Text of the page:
Loma Linda University Medical Center and Children’s Hospital (LLUMC&CH) Transplantation Institute has extensive experience in kidney transplants, performing over 2,000 kidney transplants and more than 200 kidney-pancreas transplants since 1967. As a leader in adult and pediatric kidney procedures, our dedicated and knowledgeable Kidney Transplant Team works together to ensure patients and their families receive compassionate whole-person care from initial evaluation through recovery.
To decide if a kidney transplant is the best treatment option for you, patients must have an evaluation at the Transplantation Institute. In most cases, the evaluation process involves many steps. The initial visit is comprised of a physical evaluation, a psycho-social evaluation, laboratory tests and financial consultation. You and your family will also attend a transplant education class.
Testing is ordered as needed for each individual patient as indicated by age, disease or medical condition. Tests may include:
- Recent history and physical exam
- Blood tests (e.g. tissue typing, blood typing, antibody screening, viral testing)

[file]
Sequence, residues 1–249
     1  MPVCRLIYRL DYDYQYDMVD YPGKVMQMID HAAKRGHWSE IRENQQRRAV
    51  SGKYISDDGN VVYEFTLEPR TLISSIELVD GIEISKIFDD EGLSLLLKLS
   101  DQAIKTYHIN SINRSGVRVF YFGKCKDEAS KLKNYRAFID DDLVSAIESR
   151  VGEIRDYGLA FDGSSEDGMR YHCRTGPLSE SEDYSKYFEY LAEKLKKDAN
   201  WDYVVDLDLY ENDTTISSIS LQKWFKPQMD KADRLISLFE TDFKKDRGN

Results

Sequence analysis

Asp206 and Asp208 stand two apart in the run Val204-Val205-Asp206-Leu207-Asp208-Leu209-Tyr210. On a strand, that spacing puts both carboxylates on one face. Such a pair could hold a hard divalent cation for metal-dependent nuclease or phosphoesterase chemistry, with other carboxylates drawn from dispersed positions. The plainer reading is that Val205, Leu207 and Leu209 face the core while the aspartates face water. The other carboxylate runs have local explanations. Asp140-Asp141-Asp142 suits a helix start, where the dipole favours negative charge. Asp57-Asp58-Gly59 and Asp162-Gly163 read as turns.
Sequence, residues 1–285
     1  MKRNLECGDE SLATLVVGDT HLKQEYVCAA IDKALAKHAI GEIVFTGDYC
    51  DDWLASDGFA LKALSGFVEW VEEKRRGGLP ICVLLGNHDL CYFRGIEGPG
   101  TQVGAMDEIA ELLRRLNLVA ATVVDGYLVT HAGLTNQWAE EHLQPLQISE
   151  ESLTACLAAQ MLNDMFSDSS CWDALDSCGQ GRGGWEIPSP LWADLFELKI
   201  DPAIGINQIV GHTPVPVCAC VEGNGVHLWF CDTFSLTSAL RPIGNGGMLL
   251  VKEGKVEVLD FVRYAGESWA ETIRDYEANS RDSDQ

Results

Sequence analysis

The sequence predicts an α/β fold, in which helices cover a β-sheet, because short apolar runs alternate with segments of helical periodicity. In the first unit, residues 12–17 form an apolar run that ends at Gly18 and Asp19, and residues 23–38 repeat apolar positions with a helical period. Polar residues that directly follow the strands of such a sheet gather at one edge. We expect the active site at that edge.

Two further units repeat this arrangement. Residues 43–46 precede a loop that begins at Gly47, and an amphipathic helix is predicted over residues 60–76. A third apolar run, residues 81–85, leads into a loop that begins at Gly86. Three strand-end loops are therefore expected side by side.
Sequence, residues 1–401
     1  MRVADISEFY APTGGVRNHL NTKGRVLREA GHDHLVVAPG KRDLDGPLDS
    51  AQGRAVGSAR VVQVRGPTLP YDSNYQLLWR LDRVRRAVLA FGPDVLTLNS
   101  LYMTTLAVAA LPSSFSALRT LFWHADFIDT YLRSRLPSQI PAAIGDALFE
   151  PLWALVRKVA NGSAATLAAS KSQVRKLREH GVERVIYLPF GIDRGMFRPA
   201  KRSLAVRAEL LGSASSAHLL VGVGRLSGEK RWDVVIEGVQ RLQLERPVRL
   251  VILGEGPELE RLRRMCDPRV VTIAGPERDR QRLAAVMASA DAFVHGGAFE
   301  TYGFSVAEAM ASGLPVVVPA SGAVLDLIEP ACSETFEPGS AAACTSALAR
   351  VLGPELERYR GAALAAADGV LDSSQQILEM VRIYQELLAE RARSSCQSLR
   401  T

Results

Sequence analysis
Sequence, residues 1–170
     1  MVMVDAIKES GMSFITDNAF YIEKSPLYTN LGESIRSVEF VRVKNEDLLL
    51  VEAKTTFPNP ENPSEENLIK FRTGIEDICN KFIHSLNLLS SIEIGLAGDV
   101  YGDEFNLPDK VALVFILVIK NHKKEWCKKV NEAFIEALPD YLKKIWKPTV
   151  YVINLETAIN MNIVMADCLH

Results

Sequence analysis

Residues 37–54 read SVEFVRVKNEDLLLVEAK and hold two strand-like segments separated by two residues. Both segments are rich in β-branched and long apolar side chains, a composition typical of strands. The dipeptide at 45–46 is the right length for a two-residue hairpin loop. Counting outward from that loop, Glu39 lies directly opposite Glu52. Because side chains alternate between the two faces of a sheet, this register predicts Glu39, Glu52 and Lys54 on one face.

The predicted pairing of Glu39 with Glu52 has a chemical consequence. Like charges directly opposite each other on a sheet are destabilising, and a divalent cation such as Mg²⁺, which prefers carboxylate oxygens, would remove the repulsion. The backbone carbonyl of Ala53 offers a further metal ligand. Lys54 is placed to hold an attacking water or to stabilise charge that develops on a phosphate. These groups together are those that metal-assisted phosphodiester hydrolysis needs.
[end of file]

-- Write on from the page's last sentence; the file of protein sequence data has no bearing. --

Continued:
- Chest x-ray
- EKG (electrocardiogram)
- Renal/abdominal ultrasound
- Dental evaluation
- Mammogram (women only)
- Gynecological examination and PAP smear (women only)
During your first visit, the doctor will review your records, examining your past medical and surgical history. You‘ll meet with your transplant nurse coordinator to help make arrangements for special tests to complete your medical evaluation. A financial coordinator will also discuss your options and medical insurance coverage. The last specialist you will meet on your initial evaluation will be the transplant social worker.
After completing your tests, the Patient Selection Committee meets to discuss your case. Comprised of transplant surgeons, a transplant nephrologist, transplant nurse coordinators, a financial coordinator, an immunologist and transplant social worker, the committee discusses any concerns and determines if you are eligible for the organ donor waiting list. If they decide that you are a good candidate for transplant, the transplant coordinator will contact you.
When the committee recommends you for a kidney transplant, your name will be placed, or “activated,” on the UNOS (United Network for Organ Sharing) Wait List. UNOS is the national organ donor waiting list. If you have a living donor, then their evaluation can begin now.
Waiting for an Organ
Deceased Donor Option